Nationalist Party leader Adrian Delia has warned of “total failure” in Malta’s education system after it was revealed how primary school students were being taught inside containers at St Paul’s Bay government school.
Delia described the move as a “certificate of failure”, saying that a Nationalist Party in power always prioritized Malta’s education system.
Last Friday, the Times of Malta reported how ten prefabricated classrooms were set up in the playground of a government primary school at St Paul’s Bay in order to cope with rising student numbers.
National statistics show that the population numbers in St Paul’s Bay has been growing for a number of years, however it has been reported that between 2015 and 2018, the number of residents in the area grew by 26%. The Times quoted the school’s principal as saying an influx of foreigners has left the primary school badly needing more space.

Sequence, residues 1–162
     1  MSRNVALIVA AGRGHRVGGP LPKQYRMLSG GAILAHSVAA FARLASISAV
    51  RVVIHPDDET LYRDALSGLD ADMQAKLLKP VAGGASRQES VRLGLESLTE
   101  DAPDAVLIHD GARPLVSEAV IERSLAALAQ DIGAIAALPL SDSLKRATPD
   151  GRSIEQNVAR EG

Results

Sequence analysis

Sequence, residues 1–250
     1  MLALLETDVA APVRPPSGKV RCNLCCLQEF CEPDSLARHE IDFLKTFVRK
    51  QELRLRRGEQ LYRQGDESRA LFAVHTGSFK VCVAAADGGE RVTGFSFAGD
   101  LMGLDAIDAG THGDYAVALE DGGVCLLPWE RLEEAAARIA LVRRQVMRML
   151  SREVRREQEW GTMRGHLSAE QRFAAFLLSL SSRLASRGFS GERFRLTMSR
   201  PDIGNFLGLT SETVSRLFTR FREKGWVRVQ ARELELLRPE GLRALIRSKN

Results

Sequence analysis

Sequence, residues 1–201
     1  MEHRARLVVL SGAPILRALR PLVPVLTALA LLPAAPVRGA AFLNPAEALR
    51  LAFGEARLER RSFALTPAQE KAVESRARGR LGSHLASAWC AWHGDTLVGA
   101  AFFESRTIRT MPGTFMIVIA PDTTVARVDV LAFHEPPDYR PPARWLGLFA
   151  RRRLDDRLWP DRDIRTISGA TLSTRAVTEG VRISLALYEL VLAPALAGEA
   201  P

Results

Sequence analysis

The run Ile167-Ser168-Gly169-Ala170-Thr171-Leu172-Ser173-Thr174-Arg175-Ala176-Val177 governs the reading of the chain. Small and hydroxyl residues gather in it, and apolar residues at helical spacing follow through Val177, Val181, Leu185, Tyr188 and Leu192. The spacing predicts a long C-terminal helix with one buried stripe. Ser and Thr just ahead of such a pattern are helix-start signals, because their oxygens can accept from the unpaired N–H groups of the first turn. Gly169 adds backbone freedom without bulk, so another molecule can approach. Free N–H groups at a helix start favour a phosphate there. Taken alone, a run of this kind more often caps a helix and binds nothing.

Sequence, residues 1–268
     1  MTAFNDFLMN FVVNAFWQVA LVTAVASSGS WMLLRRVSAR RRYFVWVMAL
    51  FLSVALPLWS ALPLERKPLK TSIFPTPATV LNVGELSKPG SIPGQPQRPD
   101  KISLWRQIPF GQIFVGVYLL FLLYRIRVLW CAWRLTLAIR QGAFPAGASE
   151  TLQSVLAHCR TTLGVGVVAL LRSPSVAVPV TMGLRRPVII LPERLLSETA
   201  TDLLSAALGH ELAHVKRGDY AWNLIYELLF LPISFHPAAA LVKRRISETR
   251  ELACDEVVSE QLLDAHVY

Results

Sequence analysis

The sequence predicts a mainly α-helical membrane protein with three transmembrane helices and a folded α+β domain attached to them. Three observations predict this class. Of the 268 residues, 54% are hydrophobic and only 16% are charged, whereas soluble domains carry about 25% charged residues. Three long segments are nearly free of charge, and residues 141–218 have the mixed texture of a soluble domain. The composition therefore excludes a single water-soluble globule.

Delia stressed that the PN had built one school per year during its time in government, and the current situation can be translated to mean that the government does not have any respect towards students. He said the government neither has respect for teachers and lecturers as the profession has long suffered staffing shortages.
Education Minister Evarist Bartolo previously promised a new school for St Paul’s Bay, with the deadline having been set for 2015. Issues arising at the Foundation for Tomorrow’s Schools, such as the resignation of top officials, corruption claims landing in court and delays in the tendering progress all contributed towards delays for the new school. The latest target has been set for September 2019.
Education Ministry Reaction
In reaction, the Education Ministry has denied that the classrooms in question can be called “containers”, adding that just because they are “prefabricated classrooms” does not mean they are of inferior quality.
He said the classrooms are kitted out with all modern technology, such as interactive whiteboards and air conditioning, and implored that the PN leader stop using ultra partisan remarks in an area as sensitive as education.